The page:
City trims funding to EDC

Published 7:39 pm Saturday, June 16, 2012

A shift in how Washington may approach economic development in the future is drawing some attention.

James W. Chesnutt, chairman of the Beaufort County Committee of 100, asked Washington’s City Council, during its meeting last Monday, to carefully consider its relationship with the Beaufort County Economic Development Commission.

The city’s proposed budget for the 2012-2013 fiscal year, which begins July 1, allocates $60,000 to the EDC. The city’s current budget appropriated $91,780 to the EDC. The City Council is expected to approve the 2012-2013 budget Monday.

The city’s proposed budget allocates $30,000 for professional services to help the city conduct its own economic-development marketing, according to the city’s Finance Department.

Although Chesnutt commended City Manager Josh Kay and city staff for doing a “great job” on the proposed city budget, he expressed concern about the reduction in the city’s allocation to the EDC.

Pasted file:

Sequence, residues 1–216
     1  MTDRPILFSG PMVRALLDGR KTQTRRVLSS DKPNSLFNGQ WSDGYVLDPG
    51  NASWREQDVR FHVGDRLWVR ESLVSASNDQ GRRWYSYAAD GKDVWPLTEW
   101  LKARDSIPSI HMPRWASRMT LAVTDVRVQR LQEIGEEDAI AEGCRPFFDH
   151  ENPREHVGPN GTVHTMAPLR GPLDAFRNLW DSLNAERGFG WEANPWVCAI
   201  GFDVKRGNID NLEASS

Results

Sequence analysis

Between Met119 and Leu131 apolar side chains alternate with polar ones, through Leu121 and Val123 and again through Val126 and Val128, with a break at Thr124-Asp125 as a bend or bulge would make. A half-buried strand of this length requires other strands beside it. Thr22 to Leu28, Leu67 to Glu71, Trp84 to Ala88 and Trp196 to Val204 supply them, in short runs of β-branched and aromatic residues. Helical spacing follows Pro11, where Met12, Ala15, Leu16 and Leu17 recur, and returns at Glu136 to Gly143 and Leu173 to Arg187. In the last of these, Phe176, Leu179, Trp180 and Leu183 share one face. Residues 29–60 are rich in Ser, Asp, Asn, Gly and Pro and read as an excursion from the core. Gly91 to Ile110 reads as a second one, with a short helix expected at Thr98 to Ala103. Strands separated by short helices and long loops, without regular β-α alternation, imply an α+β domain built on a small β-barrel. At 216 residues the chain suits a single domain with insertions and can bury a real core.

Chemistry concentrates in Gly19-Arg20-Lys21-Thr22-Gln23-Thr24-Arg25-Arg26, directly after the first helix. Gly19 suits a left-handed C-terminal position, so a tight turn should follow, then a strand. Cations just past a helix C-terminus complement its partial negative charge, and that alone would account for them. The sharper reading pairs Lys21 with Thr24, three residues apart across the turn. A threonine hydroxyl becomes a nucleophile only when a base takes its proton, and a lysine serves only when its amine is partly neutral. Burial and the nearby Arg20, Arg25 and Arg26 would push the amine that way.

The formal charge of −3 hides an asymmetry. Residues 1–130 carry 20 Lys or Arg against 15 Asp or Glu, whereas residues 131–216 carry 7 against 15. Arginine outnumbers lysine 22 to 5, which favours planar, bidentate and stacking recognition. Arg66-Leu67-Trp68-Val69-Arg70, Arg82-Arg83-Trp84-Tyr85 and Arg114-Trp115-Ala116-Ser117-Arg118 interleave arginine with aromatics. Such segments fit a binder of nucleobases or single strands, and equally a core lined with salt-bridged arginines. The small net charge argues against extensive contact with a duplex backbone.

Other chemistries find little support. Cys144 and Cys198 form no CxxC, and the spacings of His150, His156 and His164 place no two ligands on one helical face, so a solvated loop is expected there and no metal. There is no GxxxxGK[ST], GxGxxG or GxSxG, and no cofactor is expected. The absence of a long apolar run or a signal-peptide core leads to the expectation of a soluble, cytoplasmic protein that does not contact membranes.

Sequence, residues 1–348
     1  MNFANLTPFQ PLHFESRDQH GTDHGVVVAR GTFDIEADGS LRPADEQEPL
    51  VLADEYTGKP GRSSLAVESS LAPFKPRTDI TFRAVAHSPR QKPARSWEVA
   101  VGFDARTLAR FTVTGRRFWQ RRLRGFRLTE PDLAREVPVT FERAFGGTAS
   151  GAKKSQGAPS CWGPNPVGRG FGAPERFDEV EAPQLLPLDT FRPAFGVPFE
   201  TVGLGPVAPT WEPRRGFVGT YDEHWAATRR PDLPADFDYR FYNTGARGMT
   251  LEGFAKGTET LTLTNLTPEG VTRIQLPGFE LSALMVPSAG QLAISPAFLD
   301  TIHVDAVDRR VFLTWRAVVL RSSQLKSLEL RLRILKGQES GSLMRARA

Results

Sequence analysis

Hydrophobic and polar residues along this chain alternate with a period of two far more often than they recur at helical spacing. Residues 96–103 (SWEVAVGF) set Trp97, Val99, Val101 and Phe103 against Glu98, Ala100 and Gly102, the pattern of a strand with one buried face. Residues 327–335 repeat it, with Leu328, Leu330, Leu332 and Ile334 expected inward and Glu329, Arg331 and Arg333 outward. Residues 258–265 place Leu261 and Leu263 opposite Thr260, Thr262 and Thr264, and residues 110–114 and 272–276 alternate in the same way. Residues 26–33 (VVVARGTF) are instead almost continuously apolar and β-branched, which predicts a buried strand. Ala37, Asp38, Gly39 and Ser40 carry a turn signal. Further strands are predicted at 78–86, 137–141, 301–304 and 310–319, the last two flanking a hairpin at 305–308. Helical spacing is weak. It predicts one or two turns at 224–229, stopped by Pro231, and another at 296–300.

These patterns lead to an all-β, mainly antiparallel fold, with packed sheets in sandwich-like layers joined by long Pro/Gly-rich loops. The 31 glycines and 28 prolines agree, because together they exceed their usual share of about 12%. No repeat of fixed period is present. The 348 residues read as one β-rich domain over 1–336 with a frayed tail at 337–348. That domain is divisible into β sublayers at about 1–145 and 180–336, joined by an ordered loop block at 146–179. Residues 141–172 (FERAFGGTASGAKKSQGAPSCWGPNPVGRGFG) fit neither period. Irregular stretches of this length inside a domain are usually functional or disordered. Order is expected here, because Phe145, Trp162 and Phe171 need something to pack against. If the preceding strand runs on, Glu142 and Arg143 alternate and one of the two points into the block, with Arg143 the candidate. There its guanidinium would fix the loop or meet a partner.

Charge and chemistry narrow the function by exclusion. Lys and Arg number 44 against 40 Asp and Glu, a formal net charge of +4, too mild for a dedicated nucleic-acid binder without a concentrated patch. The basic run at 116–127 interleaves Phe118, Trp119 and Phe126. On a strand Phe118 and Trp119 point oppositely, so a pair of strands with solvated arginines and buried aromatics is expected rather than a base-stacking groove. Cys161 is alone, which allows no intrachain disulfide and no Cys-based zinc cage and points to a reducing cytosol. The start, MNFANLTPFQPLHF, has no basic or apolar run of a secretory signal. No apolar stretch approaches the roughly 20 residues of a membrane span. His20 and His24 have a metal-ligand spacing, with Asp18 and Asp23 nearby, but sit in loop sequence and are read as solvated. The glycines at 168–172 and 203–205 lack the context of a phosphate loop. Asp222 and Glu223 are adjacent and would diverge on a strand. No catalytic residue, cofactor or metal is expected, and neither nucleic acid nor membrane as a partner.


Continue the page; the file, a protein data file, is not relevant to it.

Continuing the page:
“I’m not going to beg to put it back. I’m going to ask you to give deep thought about the groundwork that has been laid in this county to begin to do some economic development, to try to find some jobs.”

Chesnutt further discussed the economic-development climate in the area.

“I have watched the negatives comments about economic development in our county, in our town, for the last few months — maybe even some of the negative articles … from the newspaper,” said Chesnutt, who is CEO of Washington-based National Spinning. “What we need is some good news here, and we need jobs. We’re going to have a change in the leadership at the Economic Development Commission. There’s no doubt when you look at the tenure of Tom Thompson that he has laid the groundwork for us to be successful here. But I want everyone to understand that home runs of companies that are going to hire 500 people are going to be hard to come by in Washington, North Carolina and Beaufort County. To put it bluntly: that ain’t who we are.”

One of the area’s drawbacks when it comes to major economic-development opportunities is that it’s not ideally suited for distribution, Chesnutt said.

“Raleigh has done us a huge disservice over a number of years by not doing something about (U.S.) Highway 17. I encourage this council to continue to work with the committee trying to get Highway 17 four-laned from Virginia to (South Carolina).”

Chesnutt also noted that more than a dozen candidates ran in the recent primaries in an effort to win the four available seats on the Beaufort County Board of Commissioners this election cycle.